Dementia is a cruel medical condition not just affecting the patient but is often extremely distressing for family and friends. This award was presented to two staff based in Worcester whose quick reactions and sensitivity to the situation helped to reunite a missing dementia patient with his family on New Year’s Eve. Stuart Grennan and a colleague who was unable to attend the ceremony were called to reports of a road traffic collision near Droitwich. When they arrived they found not a road accident but a 70 year old man whose car had run out of petrol. The man appeared confused and displaying behaviours typical of dementia. Sensitive questioning by the crew resulted in the man explaining he was going to London. The crew even managed to get his name and address and assumed he may have gone missing from his home in Cornwall. They called the control room’s Clinical Hub who contacted Devon and Cornwall Police. It was quickly confirmed the man had indeed been reported as missing. They took the man to Worcestershire Royal Hospital where his grateful family were reunited with him a few hours later.
Chief Officer Commendation:
Mike Kelsall – Paramedic Area Support Officer based at Stoke
Matt Thompson – Paramedic and Clinical Team Mentor based at Willenhall
Duncan Morrison – Paramedic based in Staffordshire
Jonathan Whitehouse – former Community First Responder from Wolverhampton
Mark Colwell had the misfortune to be knocked off his push bike in South Staffordshire in March last year. The positive thing about this case was that Mark was wearing a cycle helmet. The bad news was he sustained injuries to his ribs, ruptured lung, shoulder, wrist and hand fractures together with a back injury. He ended up in New Cross Hospital after being treated at the roadside by members of staff whose highly-skilled intervention ensured Mark was in safe hands throughout. Mark and his family were present at the ceremony to help present the awards.
Chief Officer Commendation:
Robert Wilde, Advanced Paramedic, Peter Savage, Emergency Medical Technician and Mel Bird, Paramedic based at Leominster
In June last year ambulance crews were called to a serious dog attack in Leominster. Arriving first on scene were Robert Wilde and Peter Savage. As they approached the scene they could see two dogs viciously attacking several people including three women. Also on scene was Mel Bird who was off duty at the time but heard the commotion and went straight to the scene. One patient suffered ‘significant’ injuries and two others sustained dog bites as they went to her assistance. Robert, Peter and Mel were highly praised by by-standers for their bravery at the scene, and their treatment of all the patients at the same time as they held off two dangerous dogs until further assistance arrived.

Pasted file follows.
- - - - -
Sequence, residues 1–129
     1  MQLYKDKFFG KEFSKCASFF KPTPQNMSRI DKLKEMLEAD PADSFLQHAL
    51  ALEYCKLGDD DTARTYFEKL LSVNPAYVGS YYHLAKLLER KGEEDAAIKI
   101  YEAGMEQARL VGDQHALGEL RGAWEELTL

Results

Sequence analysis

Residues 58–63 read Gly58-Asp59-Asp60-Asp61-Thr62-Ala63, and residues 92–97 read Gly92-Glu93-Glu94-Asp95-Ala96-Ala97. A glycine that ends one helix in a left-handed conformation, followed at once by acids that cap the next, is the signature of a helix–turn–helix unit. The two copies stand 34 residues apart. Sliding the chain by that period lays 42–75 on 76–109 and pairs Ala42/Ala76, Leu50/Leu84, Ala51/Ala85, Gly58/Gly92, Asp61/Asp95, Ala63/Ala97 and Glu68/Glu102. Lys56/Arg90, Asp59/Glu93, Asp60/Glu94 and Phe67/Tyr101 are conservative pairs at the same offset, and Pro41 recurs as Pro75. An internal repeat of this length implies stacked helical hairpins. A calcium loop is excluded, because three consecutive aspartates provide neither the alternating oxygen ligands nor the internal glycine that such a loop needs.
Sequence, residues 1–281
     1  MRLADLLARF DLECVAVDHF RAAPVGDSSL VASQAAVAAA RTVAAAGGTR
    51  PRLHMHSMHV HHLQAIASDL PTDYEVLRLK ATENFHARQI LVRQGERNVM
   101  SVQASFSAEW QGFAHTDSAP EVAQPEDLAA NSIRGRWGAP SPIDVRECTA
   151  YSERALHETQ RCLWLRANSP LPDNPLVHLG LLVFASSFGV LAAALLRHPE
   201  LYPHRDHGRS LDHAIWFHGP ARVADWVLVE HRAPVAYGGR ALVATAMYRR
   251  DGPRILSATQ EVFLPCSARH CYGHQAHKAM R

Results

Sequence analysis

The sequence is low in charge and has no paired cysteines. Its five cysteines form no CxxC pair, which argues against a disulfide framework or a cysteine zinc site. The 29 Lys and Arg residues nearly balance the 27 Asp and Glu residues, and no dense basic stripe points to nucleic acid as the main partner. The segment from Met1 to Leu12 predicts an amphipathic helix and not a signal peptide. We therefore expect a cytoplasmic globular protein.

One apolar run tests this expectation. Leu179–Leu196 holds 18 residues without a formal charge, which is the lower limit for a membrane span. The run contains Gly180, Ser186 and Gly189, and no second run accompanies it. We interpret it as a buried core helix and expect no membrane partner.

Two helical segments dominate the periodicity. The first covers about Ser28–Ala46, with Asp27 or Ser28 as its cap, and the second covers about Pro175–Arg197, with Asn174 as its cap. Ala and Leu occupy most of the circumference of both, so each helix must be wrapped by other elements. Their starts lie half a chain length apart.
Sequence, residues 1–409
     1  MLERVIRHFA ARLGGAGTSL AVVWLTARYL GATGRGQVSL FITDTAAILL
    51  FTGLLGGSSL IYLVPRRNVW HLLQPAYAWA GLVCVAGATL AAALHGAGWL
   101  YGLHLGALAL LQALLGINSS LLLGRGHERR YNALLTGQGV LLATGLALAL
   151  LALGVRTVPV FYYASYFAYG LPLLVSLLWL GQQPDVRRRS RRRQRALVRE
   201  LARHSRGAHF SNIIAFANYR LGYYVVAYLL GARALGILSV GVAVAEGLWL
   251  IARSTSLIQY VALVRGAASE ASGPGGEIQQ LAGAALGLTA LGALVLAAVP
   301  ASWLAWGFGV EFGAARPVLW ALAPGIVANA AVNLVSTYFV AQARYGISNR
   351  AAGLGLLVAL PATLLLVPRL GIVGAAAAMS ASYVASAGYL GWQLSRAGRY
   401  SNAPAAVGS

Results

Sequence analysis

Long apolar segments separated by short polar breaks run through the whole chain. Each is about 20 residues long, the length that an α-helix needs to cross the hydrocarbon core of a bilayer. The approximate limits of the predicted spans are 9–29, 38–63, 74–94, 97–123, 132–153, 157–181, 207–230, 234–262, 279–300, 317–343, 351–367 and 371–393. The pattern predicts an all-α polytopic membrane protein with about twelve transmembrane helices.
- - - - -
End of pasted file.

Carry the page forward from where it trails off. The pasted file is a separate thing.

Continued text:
Chief Officer Commendation:
Kerry Hemus – Critical Care Paramedic based at Midlands Air Ambulance at Cosford
Dr. David Balthazor – based at Midlands Air Ambulance at Cosford
Thomas Waters – Critical Care Paramedic based at Midlands Air Ambulance at Cosford
Two Midlands Air Ambulances were part of a full medical team which saved a Shropshire farmer after metal spikes fitted to his tractor pierced his body. The tractor apparently suddenly moved forward and pinned the farmer to bales of hay. Fortunately, a neighbour heard his calls for help and alerted the emergency services. The farmer remained conscious remembering every detail of his ordeal as ambulance crews arrived on scene to start initial treatment. Midlands Air Ambulance crews on Helimed 03 based at Cosford and Helimed 09 from Tatenhill in Staffordshire were also called to the farm near Ellesmere in north Shropshire. Crews spent over an hour removing the machinery in order to free the farmer. More blood supplies were airlifted to the scene and eventually the farmer was released and taken by air ambulance to a nearby Trauma centre. The farmer made a rapid recovery and has since returned to work on his farm. The land-based ambulances crews who attended the incident were unable to attend the ceremony.
Chief Officer Commendation:
Stuart Punter – Emergency Medical Technician based at Dudley
Stuart Punter was driving home after a busy night shift when he came across an incident in Dudley in August. He stopped to assist police officers who were talking to a young woman who was hanging precariously from a bridge 80 feet above the roadway. The situation was getting very tense as the woman, by now hanging onto the bridge by her finger tips, was becoming exhausted. Stuart and a police officer took a split second decision that she was about to fall to her death and made a grab for the woman as she started to loosen her grip. The young woman was pulled to safety just in time. The actions of Stuart have been described as ‘heroic’.